AS THIS issue of Maclean's goes to press, no available information indicates how successful Russia will be in resisting the invading German armies.
Much will depend upon the efficiency of the Russian equipment and the strategy of the Soviet command.
The German High Command, which no doubt possesses considerable information concerning the Russian war machine, believes Russia can be washed up in three months. On the other hand, if Russian morale is high, the same tactics employed by the Chinese against the mechanized Japs may upset that schedule, even if superior equipment and better trained troops give the Nazis initial advantages.
Whatever may happen, the point that is immediately clear is that Canada must act now on the basis that no possibility is too remote.
Should the German armies overrun Russia, no matter how vast her territory is, no matter how inadequate her transportation systems may be, it would only be a matter of time until Nazi air bases are established along the Siberian coast. The air distance from Siberia to Alaska and the Pacific Coast of Canada is no deterrent at all.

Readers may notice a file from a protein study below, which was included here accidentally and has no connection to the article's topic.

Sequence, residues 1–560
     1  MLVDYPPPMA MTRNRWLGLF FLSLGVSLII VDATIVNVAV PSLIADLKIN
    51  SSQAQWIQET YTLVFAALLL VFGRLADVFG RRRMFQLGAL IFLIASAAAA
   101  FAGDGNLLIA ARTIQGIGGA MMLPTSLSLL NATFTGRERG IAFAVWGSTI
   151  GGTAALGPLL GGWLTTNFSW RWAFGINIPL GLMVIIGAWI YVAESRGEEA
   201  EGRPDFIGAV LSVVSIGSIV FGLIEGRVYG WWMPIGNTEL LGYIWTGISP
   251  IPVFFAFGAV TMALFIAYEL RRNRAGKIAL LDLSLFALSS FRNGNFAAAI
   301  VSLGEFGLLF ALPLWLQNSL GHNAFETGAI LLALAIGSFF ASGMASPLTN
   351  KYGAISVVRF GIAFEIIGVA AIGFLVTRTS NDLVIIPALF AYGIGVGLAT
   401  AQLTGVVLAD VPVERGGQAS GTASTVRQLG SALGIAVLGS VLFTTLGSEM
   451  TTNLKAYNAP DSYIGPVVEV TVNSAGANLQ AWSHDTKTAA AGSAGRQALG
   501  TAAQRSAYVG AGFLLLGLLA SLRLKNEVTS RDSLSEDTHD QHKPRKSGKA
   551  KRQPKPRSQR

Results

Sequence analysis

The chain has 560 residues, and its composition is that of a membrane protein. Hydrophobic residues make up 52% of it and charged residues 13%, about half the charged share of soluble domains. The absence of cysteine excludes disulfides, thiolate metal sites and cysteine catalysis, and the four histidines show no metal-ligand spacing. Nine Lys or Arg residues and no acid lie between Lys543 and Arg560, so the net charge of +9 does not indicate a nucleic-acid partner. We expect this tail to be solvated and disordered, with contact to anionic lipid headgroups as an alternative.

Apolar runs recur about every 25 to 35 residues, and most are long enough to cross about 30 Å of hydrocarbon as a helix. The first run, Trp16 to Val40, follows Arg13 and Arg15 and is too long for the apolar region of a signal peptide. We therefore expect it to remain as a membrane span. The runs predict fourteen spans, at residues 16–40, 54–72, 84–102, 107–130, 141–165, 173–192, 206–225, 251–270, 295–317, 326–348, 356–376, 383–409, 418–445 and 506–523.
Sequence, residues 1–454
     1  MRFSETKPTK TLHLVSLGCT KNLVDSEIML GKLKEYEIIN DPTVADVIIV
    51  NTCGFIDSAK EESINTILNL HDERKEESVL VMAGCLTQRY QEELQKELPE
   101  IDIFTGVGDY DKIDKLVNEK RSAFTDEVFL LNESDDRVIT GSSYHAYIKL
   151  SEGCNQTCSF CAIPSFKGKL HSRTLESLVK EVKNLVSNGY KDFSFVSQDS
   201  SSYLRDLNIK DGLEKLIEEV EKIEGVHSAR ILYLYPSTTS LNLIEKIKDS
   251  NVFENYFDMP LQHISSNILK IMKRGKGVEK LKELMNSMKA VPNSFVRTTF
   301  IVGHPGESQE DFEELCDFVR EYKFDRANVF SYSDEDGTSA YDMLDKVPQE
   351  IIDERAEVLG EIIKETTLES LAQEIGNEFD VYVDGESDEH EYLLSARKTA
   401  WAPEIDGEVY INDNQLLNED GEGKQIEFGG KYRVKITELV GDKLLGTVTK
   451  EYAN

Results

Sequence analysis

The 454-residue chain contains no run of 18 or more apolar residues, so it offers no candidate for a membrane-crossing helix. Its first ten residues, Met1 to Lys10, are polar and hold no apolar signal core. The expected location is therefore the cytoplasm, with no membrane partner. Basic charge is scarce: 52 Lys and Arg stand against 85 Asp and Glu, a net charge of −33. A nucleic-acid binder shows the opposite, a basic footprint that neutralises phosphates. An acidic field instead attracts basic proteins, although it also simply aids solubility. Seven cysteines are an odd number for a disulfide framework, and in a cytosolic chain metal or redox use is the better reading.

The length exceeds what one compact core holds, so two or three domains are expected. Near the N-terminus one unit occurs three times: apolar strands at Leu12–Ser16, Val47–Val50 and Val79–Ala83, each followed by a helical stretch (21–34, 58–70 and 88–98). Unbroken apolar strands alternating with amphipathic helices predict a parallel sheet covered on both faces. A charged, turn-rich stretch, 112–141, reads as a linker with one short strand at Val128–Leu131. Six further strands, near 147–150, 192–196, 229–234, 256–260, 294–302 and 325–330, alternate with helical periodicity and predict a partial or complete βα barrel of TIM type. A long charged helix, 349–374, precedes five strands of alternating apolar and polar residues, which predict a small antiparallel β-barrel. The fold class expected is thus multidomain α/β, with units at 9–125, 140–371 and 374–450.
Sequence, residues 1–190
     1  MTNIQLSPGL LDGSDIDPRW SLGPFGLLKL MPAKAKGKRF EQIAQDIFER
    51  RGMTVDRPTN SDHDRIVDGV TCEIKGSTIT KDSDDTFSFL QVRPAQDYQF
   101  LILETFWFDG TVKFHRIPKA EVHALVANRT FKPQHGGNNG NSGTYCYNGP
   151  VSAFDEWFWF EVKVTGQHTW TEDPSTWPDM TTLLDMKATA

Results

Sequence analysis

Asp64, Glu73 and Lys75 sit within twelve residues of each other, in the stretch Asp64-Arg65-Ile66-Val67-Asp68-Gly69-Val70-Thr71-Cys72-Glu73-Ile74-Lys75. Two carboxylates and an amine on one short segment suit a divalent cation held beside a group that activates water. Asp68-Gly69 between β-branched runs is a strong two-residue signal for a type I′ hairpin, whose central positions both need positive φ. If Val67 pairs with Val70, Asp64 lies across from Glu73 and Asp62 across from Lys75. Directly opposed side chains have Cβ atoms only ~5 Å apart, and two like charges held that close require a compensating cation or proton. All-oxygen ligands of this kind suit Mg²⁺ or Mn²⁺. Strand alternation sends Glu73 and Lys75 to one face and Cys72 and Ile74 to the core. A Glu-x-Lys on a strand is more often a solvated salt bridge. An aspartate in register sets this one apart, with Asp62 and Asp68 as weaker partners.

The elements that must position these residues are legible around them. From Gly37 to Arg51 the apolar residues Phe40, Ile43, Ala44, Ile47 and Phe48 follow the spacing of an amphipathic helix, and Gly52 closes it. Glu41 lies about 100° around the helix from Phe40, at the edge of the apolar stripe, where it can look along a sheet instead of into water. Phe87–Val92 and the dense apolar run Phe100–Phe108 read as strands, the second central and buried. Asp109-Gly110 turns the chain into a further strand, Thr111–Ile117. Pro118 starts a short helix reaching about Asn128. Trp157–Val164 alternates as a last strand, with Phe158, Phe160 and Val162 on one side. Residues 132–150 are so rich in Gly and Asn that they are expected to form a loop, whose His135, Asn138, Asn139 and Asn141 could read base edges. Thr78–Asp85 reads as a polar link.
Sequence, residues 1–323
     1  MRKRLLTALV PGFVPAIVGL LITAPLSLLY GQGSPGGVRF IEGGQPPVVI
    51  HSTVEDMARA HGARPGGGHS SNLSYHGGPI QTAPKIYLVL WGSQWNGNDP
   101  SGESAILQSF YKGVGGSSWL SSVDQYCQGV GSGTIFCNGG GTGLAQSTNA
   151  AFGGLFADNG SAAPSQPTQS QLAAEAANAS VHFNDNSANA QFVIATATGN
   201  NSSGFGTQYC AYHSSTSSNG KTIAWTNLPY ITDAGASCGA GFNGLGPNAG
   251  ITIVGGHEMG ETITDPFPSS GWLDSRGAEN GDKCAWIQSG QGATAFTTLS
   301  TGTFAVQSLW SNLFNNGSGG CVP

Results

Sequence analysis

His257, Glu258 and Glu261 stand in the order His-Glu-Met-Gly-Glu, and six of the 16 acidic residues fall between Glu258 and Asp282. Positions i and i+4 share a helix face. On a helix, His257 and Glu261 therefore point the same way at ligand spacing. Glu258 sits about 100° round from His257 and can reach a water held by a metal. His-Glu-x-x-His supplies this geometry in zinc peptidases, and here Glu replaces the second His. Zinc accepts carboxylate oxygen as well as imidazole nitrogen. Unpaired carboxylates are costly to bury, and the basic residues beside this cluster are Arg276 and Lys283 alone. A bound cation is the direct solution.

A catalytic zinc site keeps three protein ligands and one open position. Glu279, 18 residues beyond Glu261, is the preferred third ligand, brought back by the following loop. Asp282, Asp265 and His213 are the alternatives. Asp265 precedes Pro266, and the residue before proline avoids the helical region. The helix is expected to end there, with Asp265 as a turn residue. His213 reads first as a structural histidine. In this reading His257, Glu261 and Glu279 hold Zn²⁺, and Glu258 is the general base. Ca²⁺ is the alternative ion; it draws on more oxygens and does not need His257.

The Canadian General Staff must be fully aware of this fact. But we have not come across any evidence that the awareness is being translated into action; not in the matter of training troops on Canadian soil for the type of warfare that is being waged in Europe.
Nobody could accuse the Toronto Daily Star of unfriendliness toward the Ottawa Government Yet that paper’s own war reviewer, W. R. Plewman, before the war spread to Russia, stated:
“One of the most important measures if not THE most important measure that this country could take for winning the war would be the placing of an abbreviated manual in the hands of Canadian military camp instructors that would describe in detail the lessons taught by actual fighting in the years 1940 and 1941 and the weapons and tactics that should be used in warfare today . . . The work should be put in hand not next year nor next month but within a week
“The importance of this subject is such that the expression of Col. Drew’s views with